Symonds was a long-time friend of antiques dealer William Bradshaw, a Sydney identity whose home Lancaster describes as a ‘musical paradise,’ with so many pianos that they spilled out onto verandas and filled up garages and sheds.
Among these was a Frederick Beck square piano, built between 1780 and 1786, which matches exactly the description of the sole piano to have arrived in Botany Bay with the first white settlers.
Bradshaw reported buying the piano from a home in Windsor, on the outskirts of Sydney, where it had sat unloved in a laundry of a family that had owned it since the 1830s.
Despite its unfortunate location, it was in surprisingly good condition. Lancaster says generations of children in the family had been warned not to damage it as it had “arrived on the First Fleet”.
Symonds purchased the piano in 1986, took it home and tucked it in a hallway beside an 1809 Joseph Kickman grand piano, another element in the incredible collection now donated to WAAPA.
In announcing the donation earlier this year, Symonds described the importance of preserving his collection and the musical history his 130 pianos represent.
"This is for future generations,” he said at the time. “People in 100, 500, maybe even 1000 years, will be able to come and rediscover in these instruments exactly what our early composers composed.
“I want to give it back to Australia rather than have it frittered off overseas. It doesn’t help anybody in storage.
“By giving these pianos to WAAPA, they will be there for all who come for hundreds of years.”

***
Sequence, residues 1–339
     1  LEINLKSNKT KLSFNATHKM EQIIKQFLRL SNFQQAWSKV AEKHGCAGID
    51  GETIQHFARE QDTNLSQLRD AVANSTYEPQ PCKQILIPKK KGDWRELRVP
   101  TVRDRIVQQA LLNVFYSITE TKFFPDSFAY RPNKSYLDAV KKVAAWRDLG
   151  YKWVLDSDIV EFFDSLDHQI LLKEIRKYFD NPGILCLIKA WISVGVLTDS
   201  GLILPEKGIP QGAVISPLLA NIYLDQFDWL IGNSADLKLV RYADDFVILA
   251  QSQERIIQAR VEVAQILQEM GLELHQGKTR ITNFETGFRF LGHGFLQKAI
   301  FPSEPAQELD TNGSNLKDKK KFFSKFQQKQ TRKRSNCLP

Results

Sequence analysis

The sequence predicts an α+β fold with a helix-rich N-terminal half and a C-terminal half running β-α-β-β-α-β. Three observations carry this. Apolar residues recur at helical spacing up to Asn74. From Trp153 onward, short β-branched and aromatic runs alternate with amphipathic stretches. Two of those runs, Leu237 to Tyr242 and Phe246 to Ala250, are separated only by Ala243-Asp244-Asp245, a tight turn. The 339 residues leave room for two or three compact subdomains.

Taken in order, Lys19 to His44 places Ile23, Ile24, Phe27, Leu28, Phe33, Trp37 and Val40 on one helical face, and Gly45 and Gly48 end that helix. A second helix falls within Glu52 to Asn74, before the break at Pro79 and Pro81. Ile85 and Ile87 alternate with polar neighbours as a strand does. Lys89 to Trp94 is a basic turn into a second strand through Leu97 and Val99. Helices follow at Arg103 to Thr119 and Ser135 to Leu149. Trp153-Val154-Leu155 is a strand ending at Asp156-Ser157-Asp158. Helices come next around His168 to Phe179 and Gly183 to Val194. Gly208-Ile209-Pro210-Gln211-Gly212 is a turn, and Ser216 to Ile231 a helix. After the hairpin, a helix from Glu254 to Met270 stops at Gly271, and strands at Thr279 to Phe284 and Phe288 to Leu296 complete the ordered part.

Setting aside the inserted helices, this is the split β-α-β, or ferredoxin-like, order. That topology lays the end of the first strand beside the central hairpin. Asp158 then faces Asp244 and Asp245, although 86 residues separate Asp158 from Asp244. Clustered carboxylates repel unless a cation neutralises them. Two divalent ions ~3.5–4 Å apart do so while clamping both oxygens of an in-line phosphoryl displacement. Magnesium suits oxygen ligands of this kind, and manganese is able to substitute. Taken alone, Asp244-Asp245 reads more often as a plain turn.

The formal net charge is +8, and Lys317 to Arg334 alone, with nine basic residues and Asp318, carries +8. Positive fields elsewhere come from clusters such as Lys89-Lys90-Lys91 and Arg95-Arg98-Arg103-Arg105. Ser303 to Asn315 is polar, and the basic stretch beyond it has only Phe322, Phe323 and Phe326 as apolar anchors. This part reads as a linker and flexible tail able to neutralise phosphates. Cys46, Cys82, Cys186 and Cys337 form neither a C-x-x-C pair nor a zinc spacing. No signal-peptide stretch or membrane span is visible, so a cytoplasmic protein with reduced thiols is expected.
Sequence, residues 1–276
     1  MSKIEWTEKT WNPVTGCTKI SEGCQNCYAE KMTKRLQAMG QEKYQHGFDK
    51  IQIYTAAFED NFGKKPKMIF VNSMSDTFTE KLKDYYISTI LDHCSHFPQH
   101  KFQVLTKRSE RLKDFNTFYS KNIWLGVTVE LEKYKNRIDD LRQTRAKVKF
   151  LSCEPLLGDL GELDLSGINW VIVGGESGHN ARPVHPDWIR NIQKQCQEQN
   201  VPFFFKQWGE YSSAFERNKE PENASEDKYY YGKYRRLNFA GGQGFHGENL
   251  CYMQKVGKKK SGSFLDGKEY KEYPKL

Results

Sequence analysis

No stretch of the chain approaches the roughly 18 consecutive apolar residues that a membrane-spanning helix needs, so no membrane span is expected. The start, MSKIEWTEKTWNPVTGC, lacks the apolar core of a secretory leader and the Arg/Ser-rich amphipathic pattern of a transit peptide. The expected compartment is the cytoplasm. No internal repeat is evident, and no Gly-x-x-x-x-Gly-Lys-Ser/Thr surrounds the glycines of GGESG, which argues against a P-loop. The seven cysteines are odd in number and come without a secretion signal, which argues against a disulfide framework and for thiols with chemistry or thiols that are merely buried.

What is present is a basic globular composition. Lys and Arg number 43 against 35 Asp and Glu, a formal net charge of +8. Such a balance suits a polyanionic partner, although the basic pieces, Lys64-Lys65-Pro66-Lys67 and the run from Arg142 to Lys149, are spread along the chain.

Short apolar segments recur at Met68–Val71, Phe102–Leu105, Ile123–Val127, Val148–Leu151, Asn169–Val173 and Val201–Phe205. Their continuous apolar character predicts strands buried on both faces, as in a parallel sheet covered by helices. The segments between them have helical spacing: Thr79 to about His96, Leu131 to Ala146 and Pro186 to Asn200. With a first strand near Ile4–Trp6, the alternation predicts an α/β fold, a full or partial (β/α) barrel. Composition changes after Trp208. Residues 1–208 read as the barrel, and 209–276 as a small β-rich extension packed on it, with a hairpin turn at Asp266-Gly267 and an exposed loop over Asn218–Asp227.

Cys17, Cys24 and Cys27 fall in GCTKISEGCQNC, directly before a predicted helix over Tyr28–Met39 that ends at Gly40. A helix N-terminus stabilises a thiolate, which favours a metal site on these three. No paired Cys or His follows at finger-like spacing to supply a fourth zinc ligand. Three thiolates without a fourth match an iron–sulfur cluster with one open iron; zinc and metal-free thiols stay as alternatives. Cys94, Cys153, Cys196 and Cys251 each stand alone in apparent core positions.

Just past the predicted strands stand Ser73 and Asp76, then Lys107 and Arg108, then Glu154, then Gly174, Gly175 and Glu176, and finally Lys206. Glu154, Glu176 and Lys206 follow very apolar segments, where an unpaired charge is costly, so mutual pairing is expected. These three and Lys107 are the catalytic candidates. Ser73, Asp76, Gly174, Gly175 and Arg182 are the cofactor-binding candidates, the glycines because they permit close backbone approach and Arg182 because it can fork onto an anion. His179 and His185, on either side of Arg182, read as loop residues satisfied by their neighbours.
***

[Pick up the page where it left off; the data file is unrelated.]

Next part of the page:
For Lancaster, the arrival of the pianos will not only see WAAPA become custodians of an irreplaceable collection but enable a new generation to learn the language of the historic pianos — even the skills of piano restoration.
Playing on such instruments is akin to travelling in time, he says, experiencing music as it was intended to be played by its original composers.
“When a virtuoso scholar musician gets his or her hands on one of these instruments and plays music written for the instrument, it is possible to have a very complete and transforming experience of a voice from the past,” he says.
“It acts as a mirror to our own values.”
Lancaster says the difference in playing a modern and historical piano is stark – both in the accent and inflection the older instrument gives to music and in the physical demands made on the pianist.
“On a modern piano you press the notes down 12mm, and at the bottom where the action is very heavy you press a weight down of 32 grams,” he says.